Sunday, April 8, 2012

The Radiance Revisited

Scott Bradley

"Thus, the Radiance of Drift and Doubt is the sage's only map. He makes no definition of what is right but instead entrusts it to the everyday function of each thing. This is what I call the Illumination of the Obvious." (Zhuangzi, 2:29; Ziporyn)

Those of you who have been reading these posts for awhile will recognize this passage as one of my favorites; I refer to it often.

The subject of the first sentence is "Radiance". Drift and Doubt, wandering where nothing is fixed and sure, result in the Radiance. What is it? It is the Illumination of the Obvious. But what is this?

It is, I believe, a kind of understanding, but not one which can be articulated. It might be compared to the prajna (spiritual insight) of Zen, but I wouldn't want to press it too far. In the context of Daoism, it is that understanding which arises when the understanding of the 'understanding consciousness' comes to an end. Zhuangzi's critique of the knowing mind does not result in despair, as it does with certain existentialist philosophers, but rather becomes a means by which to open the heart and mind to life as it is given. For "Nature speaks, though it has no words." To let it speak, is to allow the Obvious to illuminate.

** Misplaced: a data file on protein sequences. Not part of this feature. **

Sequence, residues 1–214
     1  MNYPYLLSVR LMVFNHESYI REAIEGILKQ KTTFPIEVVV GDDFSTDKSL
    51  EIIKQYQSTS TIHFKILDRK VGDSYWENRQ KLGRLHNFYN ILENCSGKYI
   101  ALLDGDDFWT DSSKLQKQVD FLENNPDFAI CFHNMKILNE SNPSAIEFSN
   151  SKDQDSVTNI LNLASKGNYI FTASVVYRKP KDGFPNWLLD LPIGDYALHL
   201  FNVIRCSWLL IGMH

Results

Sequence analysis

Those who come to realize the fundamental lack of a firm cognitive foundation for every human aspiration to know the what, why and how of things, and who remain within that cognitive framework, can only declare the absurdity of humanity. The Daoist vision, however, having come to the same conclusions regarding the limits of the discriminating mind, is to put aside that mind and to let Life itself speak and guide.

We know a great deal about life, but we really don't know what it is. Yet, we experience it just the same. Life is the impulse to live. So we live. Life is impartial. So we are impartial. Life is expressed in infinite forms. So we affirm them all.

Zhuangzi shares a practical and behavioral consequence of this openness to Life in lieu of sure definitions; we affirm the rightness of each thing. We let things be what they are. We harmonize with things as they are, rather than despairing that they do not confirm to our desires.

I recently quoted a passage attributed to Zhuangzi which says, "Soaring through the vastness, the Great Understanding enters into me, never understanding where it is brought to a halt." (Chap. 22) This is the Radiance of Drift and Doubt. This is the understanding that need not understand anything. This is understanding which is experiential, not cognitive.

You can check out Scott's writings on Zhuangzi here.

1 comment:

  1. "the Radiance of Drift and Doubt" strikes such a deep chord. Such a beautiful approach to life.


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